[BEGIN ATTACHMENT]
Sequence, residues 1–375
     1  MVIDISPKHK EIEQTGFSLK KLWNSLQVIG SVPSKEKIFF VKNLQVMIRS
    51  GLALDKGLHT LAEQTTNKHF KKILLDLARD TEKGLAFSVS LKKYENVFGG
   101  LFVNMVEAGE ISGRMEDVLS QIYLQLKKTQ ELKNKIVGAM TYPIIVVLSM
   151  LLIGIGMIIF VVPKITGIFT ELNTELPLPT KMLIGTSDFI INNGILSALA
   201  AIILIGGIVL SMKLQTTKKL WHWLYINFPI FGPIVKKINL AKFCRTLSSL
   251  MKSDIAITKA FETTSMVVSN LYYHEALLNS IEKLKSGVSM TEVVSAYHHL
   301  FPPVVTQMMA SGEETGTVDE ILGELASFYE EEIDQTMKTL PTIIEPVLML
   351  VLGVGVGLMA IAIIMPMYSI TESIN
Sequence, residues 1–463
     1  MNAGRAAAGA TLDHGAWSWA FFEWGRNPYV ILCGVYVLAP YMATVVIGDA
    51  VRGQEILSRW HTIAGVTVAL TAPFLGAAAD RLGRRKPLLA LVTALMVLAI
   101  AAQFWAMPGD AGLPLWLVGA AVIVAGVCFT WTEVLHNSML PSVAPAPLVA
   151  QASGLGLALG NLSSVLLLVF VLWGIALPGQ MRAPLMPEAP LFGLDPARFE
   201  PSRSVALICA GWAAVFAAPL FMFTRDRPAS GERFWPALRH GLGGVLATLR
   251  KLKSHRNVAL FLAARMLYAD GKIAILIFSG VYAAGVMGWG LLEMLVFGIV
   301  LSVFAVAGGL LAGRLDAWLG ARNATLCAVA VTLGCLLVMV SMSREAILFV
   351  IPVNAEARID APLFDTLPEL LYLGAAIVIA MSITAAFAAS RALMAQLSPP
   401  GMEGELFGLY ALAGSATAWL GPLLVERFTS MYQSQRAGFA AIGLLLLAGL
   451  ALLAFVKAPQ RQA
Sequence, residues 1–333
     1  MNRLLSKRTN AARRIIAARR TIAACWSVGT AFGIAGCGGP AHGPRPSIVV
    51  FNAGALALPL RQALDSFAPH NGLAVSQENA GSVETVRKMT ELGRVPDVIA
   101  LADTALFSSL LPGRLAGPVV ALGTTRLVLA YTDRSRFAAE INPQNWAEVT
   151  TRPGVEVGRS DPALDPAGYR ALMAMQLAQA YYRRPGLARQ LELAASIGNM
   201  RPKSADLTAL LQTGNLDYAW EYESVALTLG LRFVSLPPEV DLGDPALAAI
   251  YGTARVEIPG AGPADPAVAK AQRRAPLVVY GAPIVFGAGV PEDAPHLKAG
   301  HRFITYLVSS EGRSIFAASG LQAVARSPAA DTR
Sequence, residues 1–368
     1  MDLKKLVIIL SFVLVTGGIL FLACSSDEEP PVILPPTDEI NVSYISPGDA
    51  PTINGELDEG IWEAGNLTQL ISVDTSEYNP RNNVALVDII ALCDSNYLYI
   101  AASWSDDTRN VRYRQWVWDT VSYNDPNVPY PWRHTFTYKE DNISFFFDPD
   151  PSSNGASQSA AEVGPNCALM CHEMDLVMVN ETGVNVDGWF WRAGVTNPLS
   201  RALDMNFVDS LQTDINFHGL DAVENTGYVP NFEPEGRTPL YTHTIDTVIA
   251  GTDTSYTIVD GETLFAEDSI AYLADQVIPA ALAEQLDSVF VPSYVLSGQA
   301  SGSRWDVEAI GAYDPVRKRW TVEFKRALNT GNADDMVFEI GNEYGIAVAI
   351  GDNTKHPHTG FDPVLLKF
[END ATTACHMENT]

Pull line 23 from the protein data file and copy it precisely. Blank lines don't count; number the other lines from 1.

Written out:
    51  FNAGALALPL RQALDSFAPH NGLAVSQENA GSVETVRKMT ELGRVPDVIA